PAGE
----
‘Silent Beaches’ washes up at SJU

The+%27Silent+Beaches%27+exhibit+is+on+display+at+the+Dr.+M.T.+Geoffrey+Yeh+Art+Gallery+in+Sun+Yat+Sen+Hall+until+Nov.+9.+

Diana Colapietro

The ‘Silent Beaches’ exhibit is on display at the Dr. M.T. Geoffrey Yeh Art Gallery in Sun Yat Sen Hall until Nov. 9.

Earlier this semester, the University announced the opening of “Silent Beaches, Untold Stories: New York City’s Forgotten Waterfront,” which explores the relationship between
New York City and its shorelines.

“Silent Beaches,” displayed in the Dr. M. T. Geoffrey Yeh Art Gallery in Sun Yat Sen Hall, focuses on bodies of water that have been neglected or forgotten.

Elizabeth Albert, assistant professor of Fine Arts and curator of “Silent Beaches,”,, was inspired to bring the exhibit to St. John’s after seeing an exhibit at the Museum of Modern Art called “Rising Currents” and the digital journal “Underwater New York.”

“‘Silent Beaches’ is intended to actively engage the broadest possible audience in the rich past and evolving present of New York City’s more than 600 miles of coastline,” Albert said.

“Each location, each image tells the story of New York from a unique vantage point. The stories are strange, funny and sometimes shocking, and they offer insight into our changing attitudes towards industry, health care, social justice and the environment.”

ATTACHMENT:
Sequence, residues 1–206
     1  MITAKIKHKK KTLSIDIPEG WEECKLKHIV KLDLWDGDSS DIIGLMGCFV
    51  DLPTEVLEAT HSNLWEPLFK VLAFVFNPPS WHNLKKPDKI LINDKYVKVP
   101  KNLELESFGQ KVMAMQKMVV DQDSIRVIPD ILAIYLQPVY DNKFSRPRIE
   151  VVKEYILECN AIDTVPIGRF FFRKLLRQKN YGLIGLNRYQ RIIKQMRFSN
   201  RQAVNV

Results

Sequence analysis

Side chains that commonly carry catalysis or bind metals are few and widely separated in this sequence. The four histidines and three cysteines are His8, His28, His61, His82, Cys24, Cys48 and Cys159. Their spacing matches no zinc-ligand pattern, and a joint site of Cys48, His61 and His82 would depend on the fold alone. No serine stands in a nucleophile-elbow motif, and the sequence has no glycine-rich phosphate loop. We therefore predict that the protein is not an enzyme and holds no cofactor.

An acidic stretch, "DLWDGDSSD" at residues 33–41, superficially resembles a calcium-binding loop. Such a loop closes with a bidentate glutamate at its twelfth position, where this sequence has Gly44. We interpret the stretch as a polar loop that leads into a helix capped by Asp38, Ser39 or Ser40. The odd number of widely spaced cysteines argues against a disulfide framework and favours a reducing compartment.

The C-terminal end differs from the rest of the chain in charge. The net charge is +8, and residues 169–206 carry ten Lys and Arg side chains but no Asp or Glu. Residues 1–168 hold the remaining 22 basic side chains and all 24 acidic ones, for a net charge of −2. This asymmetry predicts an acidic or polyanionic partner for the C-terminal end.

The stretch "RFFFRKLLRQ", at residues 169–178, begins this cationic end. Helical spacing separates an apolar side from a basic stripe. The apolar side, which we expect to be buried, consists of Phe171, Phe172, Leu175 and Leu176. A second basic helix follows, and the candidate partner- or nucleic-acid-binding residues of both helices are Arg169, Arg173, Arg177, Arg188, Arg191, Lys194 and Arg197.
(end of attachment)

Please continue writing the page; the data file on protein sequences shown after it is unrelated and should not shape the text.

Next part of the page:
Various areas of the city are shown in the exhibit, including College Point, Queens, Dead Horse Bay, Brooklyn, Hart Island, the Bronx and the Rockaways.

Contemporary artists also contributed their drawings, video and photographs to the exhibit.

“I have been exploring the abandoned and industrial edges of New York City since 2000. The spaces I photograph are typically off-limits to the public, located behind fences and walls. They are often in New York City’s most desolate and remote neighborhoods,” artist Nathan Kensinger said in a statement found on the University website.

“Many of the places I’ve visited have already been demolished or are slated for demolition. All that remains are the photographs,” he said.

Albert hopes visitors not only learn from “Silent Beaches,” but are also impacted by the exhibit. She was working on the exhibit in the wake of Hurricane Sandy and hopes last year’s tragic natural event causes more
people to become aware.

Albert added, “I hope that the exhibition and related events will spark dialogue across the disciplines that raises awareness of our relationship with the NYC waterfront and the active role we play in its and our present and
future well-being.”

“Silent Beaches” has already gotten a great reception after being covered in the NY Daily News, NY1 and Gothamist. “Silent Beaches” has number of events celebrating the exhibition, including a panel discussion with environmental scientists on the changing waterfronts on Thursday, Oct. 24 at D’ Angelo Center 416 during common hour.

The exhibition is a collection of photographs courtesy of sources like the Museum of the City of New York, the Staten Island Historical Society, the Queens Central Library, the Brooklyn Collection of the Brooklyn Public Library, the New York City Municipal Archives, the Pratt Institute Library, the Hart Island Project, the Library of Congress and the New York Public Library.

“Silent Beaches” is open until Nov. 9.